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Knowledge exchange to Apulia for Moroccan and Tunisian olive oil sector players

@fao/Mohamed Mansouri - Olives


Olive production in Morocco and Tunisia, as in Italy, is an old tradition. While Morocco is a large producer and exporter of table olives, Tunisia is the world's third largest exporter of olive oil, after Spain and Italy. But staying afloat in what is a highly competitive global market means improving quality standards, efficiency and marketing.


In October, FAO and the European Bank for Reconstruction and Development (EBRD) organized a four-day knowledge exchange to Italy for a group of Tunisian and Moroccan olive growers and olive oil producers, traders, government representatives and other industry actors.


The exchange, arranged in collaboration with the International Centre for Advanced Mediterranean Agronomic Studies (CIHEAM), was part of a larger FAO and EBRD regional initiative to improve food quality standards in the two North African countries.  


The group travelled through Apulia, one of Italy's major olive-growing regions, meeting with farmers, technical experts and scientists, local authorities, associations of olive oil producers and cooperatives.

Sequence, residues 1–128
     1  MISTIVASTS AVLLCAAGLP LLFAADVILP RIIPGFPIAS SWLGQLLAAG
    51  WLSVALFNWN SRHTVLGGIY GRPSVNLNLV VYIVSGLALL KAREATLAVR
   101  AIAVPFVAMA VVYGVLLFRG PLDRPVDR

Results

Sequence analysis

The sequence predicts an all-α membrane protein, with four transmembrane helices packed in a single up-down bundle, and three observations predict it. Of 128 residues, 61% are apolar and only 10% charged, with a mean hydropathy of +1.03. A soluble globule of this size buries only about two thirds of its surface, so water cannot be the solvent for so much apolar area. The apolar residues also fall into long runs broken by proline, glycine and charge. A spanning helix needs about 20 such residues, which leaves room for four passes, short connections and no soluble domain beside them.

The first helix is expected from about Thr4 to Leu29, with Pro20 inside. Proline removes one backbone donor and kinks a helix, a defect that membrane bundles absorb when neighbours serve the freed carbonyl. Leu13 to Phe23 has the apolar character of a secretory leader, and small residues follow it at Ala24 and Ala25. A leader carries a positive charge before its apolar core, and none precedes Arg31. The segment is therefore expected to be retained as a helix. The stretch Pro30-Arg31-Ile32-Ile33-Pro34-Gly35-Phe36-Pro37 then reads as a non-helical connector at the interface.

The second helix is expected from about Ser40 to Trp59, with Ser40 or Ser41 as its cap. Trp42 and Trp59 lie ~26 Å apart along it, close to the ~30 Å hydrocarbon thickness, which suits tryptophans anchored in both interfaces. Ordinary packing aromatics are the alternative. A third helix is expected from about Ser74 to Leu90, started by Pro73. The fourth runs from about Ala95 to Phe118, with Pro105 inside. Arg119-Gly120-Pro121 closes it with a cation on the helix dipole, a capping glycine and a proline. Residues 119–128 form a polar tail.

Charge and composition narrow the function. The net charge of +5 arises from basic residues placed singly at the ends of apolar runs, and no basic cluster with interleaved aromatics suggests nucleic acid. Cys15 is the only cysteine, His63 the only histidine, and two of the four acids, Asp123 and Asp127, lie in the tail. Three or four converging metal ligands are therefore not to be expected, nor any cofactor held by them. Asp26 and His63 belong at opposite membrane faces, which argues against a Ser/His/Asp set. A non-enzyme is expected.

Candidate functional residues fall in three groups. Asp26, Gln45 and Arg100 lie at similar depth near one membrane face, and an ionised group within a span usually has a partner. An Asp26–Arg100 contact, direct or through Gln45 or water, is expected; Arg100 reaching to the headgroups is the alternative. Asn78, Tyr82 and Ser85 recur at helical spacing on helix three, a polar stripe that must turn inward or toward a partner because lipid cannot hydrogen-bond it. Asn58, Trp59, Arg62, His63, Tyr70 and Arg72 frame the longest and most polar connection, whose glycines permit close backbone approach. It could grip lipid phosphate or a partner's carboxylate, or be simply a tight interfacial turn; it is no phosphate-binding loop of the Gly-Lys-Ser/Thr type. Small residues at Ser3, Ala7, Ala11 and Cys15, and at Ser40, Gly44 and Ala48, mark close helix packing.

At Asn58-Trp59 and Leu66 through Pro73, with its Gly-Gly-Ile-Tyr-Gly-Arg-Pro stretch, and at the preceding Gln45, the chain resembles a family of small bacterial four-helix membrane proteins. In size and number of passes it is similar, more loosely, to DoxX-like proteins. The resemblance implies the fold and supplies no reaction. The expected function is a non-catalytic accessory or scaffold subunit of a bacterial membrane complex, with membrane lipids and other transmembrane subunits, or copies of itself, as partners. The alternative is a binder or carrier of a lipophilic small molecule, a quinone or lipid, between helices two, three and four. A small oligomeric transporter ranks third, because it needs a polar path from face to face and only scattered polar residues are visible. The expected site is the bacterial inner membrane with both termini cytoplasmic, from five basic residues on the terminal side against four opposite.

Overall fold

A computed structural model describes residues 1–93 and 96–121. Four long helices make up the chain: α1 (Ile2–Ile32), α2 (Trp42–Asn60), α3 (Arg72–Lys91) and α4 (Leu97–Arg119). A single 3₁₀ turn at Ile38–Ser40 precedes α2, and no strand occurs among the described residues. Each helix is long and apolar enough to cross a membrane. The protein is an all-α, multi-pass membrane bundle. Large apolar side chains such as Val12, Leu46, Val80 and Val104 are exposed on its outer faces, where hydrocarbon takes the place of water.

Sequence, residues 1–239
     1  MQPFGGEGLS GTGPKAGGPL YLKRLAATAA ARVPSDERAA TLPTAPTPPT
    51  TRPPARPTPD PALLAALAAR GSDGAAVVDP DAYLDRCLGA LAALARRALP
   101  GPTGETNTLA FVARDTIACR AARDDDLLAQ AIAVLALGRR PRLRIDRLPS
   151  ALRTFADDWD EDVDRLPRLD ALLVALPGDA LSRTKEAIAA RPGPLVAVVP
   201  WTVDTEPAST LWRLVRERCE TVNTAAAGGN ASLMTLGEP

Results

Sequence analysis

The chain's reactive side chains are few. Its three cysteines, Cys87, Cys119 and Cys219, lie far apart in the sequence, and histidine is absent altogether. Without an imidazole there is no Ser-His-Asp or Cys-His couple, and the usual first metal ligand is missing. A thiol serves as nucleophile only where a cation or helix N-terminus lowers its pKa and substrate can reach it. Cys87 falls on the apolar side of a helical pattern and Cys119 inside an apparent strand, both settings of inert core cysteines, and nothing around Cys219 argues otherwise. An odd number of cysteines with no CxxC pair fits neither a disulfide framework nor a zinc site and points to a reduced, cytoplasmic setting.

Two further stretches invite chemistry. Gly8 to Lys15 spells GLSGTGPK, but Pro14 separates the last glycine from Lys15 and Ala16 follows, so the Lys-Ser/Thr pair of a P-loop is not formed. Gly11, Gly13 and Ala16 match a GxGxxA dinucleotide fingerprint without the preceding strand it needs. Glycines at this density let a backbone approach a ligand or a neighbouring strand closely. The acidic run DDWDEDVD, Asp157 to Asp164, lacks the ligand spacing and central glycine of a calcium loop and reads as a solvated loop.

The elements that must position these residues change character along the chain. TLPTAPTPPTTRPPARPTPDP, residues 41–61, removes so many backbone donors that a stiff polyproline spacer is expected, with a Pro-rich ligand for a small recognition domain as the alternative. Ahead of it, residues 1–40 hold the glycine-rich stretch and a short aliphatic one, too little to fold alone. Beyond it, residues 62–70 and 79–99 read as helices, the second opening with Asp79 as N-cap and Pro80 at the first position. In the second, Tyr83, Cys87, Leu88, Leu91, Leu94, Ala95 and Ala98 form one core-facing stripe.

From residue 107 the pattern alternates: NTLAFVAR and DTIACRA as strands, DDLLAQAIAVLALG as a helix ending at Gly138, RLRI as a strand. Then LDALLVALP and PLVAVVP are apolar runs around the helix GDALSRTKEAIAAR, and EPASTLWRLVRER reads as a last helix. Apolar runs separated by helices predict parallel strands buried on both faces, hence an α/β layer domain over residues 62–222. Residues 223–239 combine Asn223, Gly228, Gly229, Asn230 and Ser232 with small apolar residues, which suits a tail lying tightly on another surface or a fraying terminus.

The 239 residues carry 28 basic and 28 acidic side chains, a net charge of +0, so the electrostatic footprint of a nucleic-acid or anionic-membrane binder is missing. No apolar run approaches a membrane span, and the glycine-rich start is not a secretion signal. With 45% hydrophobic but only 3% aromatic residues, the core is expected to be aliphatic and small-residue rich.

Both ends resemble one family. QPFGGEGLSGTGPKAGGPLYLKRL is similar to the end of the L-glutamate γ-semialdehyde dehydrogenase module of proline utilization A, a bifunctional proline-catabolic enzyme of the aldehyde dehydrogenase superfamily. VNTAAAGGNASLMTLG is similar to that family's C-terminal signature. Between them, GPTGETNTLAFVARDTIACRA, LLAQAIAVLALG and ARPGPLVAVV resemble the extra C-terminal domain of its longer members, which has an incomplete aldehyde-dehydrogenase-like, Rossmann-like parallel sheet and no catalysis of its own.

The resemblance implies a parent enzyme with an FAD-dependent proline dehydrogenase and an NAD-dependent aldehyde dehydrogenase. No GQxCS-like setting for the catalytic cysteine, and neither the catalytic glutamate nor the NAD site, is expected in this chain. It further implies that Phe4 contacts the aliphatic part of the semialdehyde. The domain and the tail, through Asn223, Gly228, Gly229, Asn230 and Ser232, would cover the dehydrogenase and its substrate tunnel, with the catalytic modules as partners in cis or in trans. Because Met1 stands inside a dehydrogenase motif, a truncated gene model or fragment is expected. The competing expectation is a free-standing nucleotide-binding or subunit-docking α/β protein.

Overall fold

They saw how Italy's olive oil sector works, from the use of state-of-the-art technologies to efficient production methods. They discussed how, through dialogue among stakeholders, the country is working to control Xylella fastidiosa, a deadly bacteria seriously affecting the southern province of the region.


They also learned how Italian producers are organized to promote their olive oil, both domestically and abroad, and how the region has successfully developed tourism around its remarkable heritage of olive groves and products. 


A well-organized value chain  


In Italy, sophisticated production and processing techniques and a well-organized supply chain have enabled the olive oil industry to become competitive and profitable, and to gain global recognition for its quality.  


Indeed, large cooperatives have been raising the profile of Italian extra virgin olive oil worldwide, producing and marketing high-quality products tailored to consumer tastes.  


AssoPrOli, one of Italy's largest olive oil producers' organizations, provides technical training to its members on improved agronomic practices and environmental sustainability, promotes quality and safety standards through traceability and certification and helps professionals get better organized within the sector.  


Seeing this level of organization, cooperation and market-orientation in Italy provided the group with valuable lessons to take back home. They left with a better understanding of the importance of efficient interprofessional organizations, such as AssoPrOli.  


"We want to move in the direction of AssoPrOli, offering useful services to our members, involving all actors in important decisions and becoming a strong voice in our country's policy discussions," said Ahmed Khannoufi, Director of INTERPROLIVE, Morocco's olive oil interprofessional organization.